From: George Walton <georgewalton**At_Symbol_Here**REACTIVES.COM>
Subject: Re: [DCHAS-L] NMR Ventilation ?
Date: Sun, 9 Aug 2015 19:52:49 -0400
Reply-To: DCHAS-L <DCHAS-L**At_Symbol_Here**MED.CORNELL.EDU>
Message-ID: 008401d0d2fe$7fc75380$7f55fa80$**At_Symbol_Here**
In-Reply-To <1109037139E1524980CF9CBEB247661883AD4657**At_Symbol_Here**>

Jefferson Laboratory, Newport News, VA, has a really nice, useable
publication on the internet about oxygen deficiency hazards when working
with inert gases, especially N2.

George C. Walton, CHMM
Reactives Management Corporation
1025 Executive Blvd., Suite 101
Chesapeake, VA 23320
(757) 436-1033

-----Original Message-----
From: DCHAS-L Discussion List [mailto:dchas-l**At_Symbol_Here**] On Behalf Of
Wilhelm, Monique
Sent: Sunday, August 9, 2015 3:36 PM
Subject: [DCHAS-L] NMR Ventilation ?

Hello Everyone,

I am looking for advice for installation for a new 400 MHz NMR. Our faculty
and EHS people (from another campus) cannot seem to agree about the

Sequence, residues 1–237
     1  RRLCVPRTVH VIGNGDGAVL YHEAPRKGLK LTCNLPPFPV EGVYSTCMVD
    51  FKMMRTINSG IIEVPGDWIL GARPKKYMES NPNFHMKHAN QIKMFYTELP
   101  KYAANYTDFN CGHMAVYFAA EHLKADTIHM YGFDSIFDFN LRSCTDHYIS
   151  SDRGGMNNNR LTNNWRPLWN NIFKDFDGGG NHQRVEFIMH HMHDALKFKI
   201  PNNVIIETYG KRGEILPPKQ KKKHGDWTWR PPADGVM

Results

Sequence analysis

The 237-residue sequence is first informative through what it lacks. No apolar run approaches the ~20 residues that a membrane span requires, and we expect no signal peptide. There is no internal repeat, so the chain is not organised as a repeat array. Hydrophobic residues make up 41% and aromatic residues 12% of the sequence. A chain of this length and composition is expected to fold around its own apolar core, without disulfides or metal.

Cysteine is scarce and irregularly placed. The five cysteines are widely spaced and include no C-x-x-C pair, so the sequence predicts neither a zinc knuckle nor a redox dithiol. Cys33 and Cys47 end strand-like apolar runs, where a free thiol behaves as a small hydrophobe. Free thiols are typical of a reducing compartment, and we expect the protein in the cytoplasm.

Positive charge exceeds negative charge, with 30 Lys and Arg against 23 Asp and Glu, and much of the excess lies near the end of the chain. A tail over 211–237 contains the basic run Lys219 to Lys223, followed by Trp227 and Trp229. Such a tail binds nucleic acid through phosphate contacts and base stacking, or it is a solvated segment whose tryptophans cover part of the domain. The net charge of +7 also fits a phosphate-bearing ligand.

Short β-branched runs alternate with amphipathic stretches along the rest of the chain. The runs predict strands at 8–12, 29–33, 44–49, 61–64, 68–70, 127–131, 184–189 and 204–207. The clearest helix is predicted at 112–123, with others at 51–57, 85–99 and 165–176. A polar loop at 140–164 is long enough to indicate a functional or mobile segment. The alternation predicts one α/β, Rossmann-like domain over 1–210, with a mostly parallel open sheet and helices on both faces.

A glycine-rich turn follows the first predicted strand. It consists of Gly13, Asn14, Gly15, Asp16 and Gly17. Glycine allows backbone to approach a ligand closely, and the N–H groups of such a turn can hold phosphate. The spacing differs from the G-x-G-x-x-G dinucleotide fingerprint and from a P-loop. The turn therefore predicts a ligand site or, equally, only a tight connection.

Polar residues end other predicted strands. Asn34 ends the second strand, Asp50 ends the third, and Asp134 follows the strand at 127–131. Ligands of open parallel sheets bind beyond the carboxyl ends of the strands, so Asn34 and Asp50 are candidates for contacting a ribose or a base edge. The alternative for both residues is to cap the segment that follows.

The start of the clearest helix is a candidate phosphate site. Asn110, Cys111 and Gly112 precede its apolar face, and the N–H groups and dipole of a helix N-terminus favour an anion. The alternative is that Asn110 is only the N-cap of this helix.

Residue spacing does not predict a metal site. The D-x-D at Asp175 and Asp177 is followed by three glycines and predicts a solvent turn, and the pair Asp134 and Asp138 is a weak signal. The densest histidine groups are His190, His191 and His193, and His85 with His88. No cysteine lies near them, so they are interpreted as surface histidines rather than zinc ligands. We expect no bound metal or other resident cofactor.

ventilation for cryogen safety. Does anyone have any ideas what best
practices are for a 400 MHz? The EHS people are not agreeing with Bruker's

Is emergency exhaust or a quench pipe more reasonable for a small space on a
400 MHz system? I am worried that having the quench pipe for the He would
not be sufficient to protect against any N2 accumulations. Is there a "best
practice" for a NMR in its own small space (approx. 1500 cu ft)?

I appreciate any advice that can be provided.

Thank you,
Monique Wilhelm
Laboratory Supervisor/Adjunct Lecturer/Chem Club Co-Advisor Department of
Chemistry & Biochemistry University of Michigan-Flint Flint, MI 48502

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